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An Olympics of Native American games in Mount Gilead, a family festival celebrating gold in Old Fort and free concerts by the North Carolina Symphony around the state are just a few of the opportunities for fun and discovery you’ll find across North Carolina this weekend.

Here are nine suggestions to help you make the most of your limited time:

1. Try your hand at a whole host of traditional Native American games Saturday at Town Creek Indian Mound’s first annual Archaeolympic Games in Mount Gilead.



2. Hear some of the best light classical pieces of music as performed by the N.C. Symphony at free concerts in Tarboro Thursday, Chapel Hill Friday and Jacksonville Sunday.



3. Enjoy music by some of the state’s best old-time musicians at the Mount Airy Bluegrass and Old-Time Fiddlers’ Convention Friday and Saturday in Mount Airy.



4. Celebrate North Carolina’s rich history of gold mining Friday and Saturday at the Mountain Gateway Museum in Old Fort with mining demonstrations, gold panning, gem stone screenings, the chance to meet renowned gold experts, children’s games, prizes, music and food.



5. Bring a blanket to Vance Birthplace in Weaverville for an evening of campfire storytelling Thursday.



6. Watch a movie under the stars at the N.C. Museum of Art in Raleigh. The museum will be showing Dazed and Confused Friday and the sing-along version of Frozen Saturday.



7. Explore the North Carolina History Center at Tryon Palace with your kids after dark Thursday in New Bern.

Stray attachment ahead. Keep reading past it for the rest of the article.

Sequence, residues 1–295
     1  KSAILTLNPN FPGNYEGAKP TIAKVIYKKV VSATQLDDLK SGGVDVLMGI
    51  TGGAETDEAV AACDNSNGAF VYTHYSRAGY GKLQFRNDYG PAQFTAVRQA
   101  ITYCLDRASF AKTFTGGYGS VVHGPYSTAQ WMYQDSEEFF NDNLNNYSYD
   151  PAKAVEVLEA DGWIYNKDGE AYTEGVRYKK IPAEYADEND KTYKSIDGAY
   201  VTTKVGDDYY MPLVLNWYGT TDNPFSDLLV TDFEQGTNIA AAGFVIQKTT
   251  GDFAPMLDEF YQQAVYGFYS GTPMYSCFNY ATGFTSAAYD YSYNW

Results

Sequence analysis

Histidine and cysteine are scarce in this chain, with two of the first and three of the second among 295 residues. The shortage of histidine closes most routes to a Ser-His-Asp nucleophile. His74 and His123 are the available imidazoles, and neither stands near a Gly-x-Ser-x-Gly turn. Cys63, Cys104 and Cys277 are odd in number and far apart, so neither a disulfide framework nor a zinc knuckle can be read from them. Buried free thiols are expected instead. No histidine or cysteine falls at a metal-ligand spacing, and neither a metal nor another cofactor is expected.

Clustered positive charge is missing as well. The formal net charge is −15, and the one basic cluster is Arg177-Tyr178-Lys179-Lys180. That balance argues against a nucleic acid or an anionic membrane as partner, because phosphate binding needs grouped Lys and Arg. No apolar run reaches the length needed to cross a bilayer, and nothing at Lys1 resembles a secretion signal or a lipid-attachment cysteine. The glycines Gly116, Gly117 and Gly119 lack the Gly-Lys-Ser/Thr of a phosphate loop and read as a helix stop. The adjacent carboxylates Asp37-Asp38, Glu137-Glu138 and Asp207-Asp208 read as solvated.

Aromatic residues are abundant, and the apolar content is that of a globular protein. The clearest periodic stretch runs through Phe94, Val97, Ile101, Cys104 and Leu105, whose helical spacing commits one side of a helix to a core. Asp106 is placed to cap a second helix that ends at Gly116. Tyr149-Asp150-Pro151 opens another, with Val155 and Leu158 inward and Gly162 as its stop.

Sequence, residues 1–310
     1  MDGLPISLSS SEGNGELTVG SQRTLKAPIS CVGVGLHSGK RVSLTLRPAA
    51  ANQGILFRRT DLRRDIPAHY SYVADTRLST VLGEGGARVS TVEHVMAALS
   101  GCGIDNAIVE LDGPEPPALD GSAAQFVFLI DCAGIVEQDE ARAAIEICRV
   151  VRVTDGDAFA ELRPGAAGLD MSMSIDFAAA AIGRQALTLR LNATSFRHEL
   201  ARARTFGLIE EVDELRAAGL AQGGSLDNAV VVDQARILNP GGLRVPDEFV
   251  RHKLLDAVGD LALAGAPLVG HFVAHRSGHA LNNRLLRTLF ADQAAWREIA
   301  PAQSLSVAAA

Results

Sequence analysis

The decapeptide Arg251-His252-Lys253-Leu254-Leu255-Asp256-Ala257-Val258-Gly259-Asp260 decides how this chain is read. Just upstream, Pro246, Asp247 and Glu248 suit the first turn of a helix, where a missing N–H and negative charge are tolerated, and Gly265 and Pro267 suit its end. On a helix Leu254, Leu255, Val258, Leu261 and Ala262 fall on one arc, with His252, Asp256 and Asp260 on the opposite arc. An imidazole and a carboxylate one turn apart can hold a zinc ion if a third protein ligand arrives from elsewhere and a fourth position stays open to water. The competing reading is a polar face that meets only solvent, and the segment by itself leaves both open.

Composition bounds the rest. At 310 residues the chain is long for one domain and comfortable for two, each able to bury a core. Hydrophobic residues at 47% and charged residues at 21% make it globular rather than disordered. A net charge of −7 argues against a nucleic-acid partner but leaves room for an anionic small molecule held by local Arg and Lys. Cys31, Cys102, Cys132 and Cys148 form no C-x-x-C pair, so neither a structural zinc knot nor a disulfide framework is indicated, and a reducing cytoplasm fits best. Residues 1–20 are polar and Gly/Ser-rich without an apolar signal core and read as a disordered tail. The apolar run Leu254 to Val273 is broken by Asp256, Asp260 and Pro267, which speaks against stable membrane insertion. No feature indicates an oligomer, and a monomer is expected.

8. Check out a new small case exhibit highlighting the history of funk music in North Carolina, opening at the N.C. Museum of History in Raleigh Saturday.



9. Join the North Carolina Symphony for a concert of the hits from the 80s Saturday in Cary.



Check out DCR’s calendar for more information on these and other events, and a enjoy a great North Carolina weekend!

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Free concerts by the N.C. Symphony, Civil War living history programs and several more rare chances to see the 13th Amendment  are just a few of the great programs offered by the N.C. Department of Cultural Resources across the state this weekend.

The weekend kicks off Thursday when Vance Birthplace in Weaverville offers music, lectures and dramatic readings in conjunction with a visit by the 13th Amendment as part of DCR’s limited statewide tour of this important and fragile document.

Our popular traveling exhibit of treasuress from Blackbeard’s sunken flagship will open at Historic Bath Friday, just as the N.C. Museum of Art in Raleigh hosts a poetry slam tied to its Estampas de la raza exhibition and screens the film 42: the Jackie Robinson Story. The 13th Amendment tour will stop in Sedalia at the Charlotte Hawkins Brown Museum, where it will be accompanied by a lunch and learn lecture and children’s activities.

Saturday, re-enactors will be on hand at Bentonville Battlefield in Four Oaks to discuss the typical Civil War soldier’s life, while the CSS Neuse Center in Kinston will put on a program focusing on challenges of the Civil War home front, including Mourning practices, homeguards and food shortages.